The computer helper: Understanding IP addresses
Washington - In today's world of networked computers, IP addresses are everywhere. That's because every computer that's connected to a network has one. You may even have been asked what yours is. Few people, though, know what an IP address is - or what it's used for. Read on for answers to common questions about IP addresses.
Q: What is an IP address?
IP stands for "Internet protocol," and an IP address is a number that uniquely identifies a computer on a network. Every computer that's connected to a network - whether that network is the Internet or a private home or office network - has a unique IP address. IP addresses consist of four sets of numbers, with each set separated by a period (dot), such as
192.168.100.111. Every domain name - such as www. microsoft. com - maps to a particular IP address.
IP addresses are meted out either as static or dynamic. A static IP address never changes. It's the type used by most major websites. A dynamic IP address is automatically assigned to a computer when you log on to a network. Most Internet Service Providers (ISPs) assign dynamic IP addresses to their customers.
Q: A friend asked me what my IP address is. How do I find it? I use Windows.
That depends. There are two types of IP addresses - internal and external. You need to find out which IP address your friend wants.
An internal IP address is also typically referred to as "non routable." That means that it's an IP address which, usually, is not exposed to the outside world. Each computer in a home or office network has an internal IP address, and it's that address that you would use to make one computer in an office network, for example, talk to talk to another computer within the same network.
To find your internal IP address, open the Windows Start menu, and select Run. On Windows Vista, simply press Windows Key-R. The Run dialog box opens. Type "cmd," without the quotation marks, in the Run dialog box, and press Enter. A DOS command prompt opens.
From the command prompt, type "ipconfig," without the quotation marks, and press Enter. In a second, Windows will return a small report labelled "Windows IP Configuration." Note that one of those lines, labelled "IP Address," provides your internal IP address. Write those numbers down. To exit the command window, type "exit," and press Enter.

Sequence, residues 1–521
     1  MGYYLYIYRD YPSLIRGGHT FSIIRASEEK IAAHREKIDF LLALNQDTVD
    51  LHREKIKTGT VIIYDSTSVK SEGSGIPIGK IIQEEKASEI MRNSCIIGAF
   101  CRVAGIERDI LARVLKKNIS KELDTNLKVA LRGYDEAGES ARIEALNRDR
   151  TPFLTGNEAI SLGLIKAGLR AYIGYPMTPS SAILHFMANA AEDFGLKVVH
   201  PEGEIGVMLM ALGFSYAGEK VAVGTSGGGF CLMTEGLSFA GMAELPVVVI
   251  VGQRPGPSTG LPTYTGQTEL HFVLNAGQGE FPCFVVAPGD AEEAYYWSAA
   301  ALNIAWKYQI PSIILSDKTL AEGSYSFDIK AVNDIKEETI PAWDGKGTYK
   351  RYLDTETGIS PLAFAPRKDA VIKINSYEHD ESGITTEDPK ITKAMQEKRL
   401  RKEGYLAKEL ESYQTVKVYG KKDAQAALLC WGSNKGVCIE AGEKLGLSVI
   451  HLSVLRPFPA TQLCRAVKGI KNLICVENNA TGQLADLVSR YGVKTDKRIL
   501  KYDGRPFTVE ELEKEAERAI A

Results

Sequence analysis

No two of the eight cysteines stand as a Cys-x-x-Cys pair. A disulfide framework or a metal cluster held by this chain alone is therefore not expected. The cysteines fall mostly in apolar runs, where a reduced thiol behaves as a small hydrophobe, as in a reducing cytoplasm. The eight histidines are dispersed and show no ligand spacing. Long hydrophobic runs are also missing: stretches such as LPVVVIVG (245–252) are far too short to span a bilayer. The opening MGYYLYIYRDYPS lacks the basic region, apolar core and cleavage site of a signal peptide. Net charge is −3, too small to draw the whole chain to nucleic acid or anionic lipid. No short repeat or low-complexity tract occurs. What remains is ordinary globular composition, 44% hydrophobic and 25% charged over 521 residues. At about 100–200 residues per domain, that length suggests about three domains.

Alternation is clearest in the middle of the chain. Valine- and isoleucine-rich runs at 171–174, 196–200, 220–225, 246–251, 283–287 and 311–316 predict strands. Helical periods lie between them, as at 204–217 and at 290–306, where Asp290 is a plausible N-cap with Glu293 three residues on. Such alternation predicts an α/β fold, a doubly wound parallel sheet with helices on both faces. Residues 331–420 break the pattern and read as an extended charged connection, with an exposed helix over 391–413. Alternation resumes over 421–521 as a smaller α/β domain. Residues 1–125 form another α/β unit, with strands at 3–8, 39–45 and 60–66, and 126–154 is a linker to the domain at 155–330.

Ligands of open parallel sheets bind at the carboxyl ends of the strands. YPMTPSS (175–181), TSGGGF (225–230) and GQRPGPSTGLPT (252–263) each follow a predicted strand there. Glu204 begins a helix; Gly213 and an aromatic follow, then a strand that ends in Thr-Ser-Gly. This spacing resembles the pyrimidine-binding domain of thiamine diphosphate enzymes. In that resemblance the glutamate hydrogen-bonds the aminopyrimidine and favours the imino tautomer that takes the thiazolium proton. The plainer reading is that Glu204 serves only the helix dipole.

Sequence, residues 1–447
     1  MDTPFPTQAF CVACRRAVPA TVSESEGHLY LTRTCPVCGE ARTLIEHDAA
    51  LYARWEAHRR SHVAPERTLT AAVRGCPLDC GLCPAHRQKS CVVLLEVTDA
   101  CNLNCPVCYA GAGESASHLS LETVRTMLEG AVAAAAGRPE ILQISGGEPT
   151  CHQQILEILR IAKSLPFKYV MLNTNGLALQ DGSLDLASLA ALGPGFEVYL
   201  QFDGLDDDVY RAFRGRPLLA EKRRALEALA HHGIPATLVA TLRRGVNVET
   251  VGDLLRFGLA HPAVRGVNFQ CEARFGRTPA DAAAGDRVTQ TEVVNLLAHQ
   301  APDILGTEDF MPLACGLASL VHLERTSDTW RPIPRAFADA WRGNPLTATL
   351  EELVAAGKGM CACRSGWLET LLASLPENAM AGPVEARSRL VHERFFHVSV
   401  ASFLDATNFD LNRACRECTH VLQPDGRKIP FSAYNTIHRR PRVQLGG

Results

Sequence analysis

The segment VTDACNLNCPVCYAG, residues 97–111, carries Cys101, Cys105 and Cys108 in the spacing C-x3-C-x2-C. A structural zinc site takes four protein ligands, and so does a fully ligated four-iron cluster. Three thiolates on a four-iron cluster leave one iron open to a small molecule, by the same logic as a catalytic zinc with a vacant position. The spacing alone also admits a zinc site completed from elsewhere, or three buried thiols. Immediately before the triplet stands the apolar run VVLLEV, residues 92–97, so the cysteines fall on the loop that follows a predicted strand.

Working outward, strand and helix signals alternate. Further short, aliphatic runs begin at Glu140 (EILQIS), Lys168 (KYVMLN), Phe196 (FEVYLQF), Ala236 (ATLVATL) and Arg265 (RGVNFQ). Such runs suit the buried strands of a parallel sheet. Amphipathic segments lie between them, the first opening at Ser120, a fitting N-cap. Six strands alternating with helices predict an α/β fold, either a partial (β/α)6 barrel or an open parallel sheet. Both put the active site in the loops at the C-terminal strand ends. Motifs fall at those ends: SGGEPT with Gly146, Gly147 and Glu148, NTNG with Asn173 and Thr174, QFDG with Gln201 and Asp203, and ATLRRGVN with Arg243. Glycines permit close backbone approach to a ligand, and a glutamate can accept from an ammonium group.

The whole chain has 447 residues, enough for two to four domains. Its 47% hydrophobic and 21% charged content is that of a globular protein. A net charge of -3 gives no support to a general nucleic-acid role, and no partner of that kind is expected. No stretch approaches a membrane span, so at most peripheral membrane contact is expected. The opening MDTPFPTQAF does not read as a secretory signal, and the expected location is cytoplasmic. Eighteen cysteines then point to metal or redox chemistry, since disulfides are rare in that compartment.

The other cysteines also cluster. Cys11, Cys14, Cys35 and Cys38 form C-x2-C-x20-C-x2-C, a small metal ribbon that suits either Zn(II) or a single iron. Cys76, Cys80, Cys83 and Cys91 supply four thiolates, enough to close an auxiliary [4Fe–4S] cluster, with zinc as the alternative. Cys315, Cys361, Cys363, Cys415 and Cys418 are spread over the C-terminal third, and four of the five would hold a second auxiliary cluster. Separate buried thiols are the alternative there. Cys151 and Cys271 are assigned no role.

Note that if your computer is configured to obtain an IP address automatically, as many are, this number could change periodically, especially if you must unplug the network cable and then plug it in to another outlet somewhere in a corporation or your home. So remember this procedure for retrieving your IP address.
An external IP address is assigned by your Internet Service Provider (ISP) to the computer or router that's connected to the ISP. That's the IP address that can be used by the outside world to identify you on the Internet. The easiest way to find your external IP address is to use a free service such as FindMyIP (http://www.findmyip.com). When you log on to this site, you'll see the number that identifies your computer on the Internet. This number, too, may change periodically, depending upon the policies of your ISP.
Q: I don't want people to identify my IP. How can I hide it?
A: As you probably know, your computer's IP address is normally no secret. Websites, your Internet Service Provider (ISP), and others can track your IP address, allowing or forbidding access to certain resources if they wish.
You can hide your IP address, however, by using one of the many so-called cloaking services available on the Internet. Cloaking services use what's known as a proxy server to conceal your identity online by providing you with a temporary fake IP address. To use a cloaking service, you typically log on to the cloaking site and use a form field to type in the address of the website you'd like to visit. Once you click "go," you're taken to the website through the cloaking service, and your IP address is hidden.
There are lots of cloaking services online. Proxify (http://proxify.com) is typical of them. It not only disguises your IP but also allows you to determine the level of security you'd like. With most of these services, you'll have to put up with ads while you surf. Generally a fee-based service - as well as cloaking software - will allow you to surf more transparently.
- Have a computer question? Send it to the Computer Helper at firstname.lastname@example.org (dpa)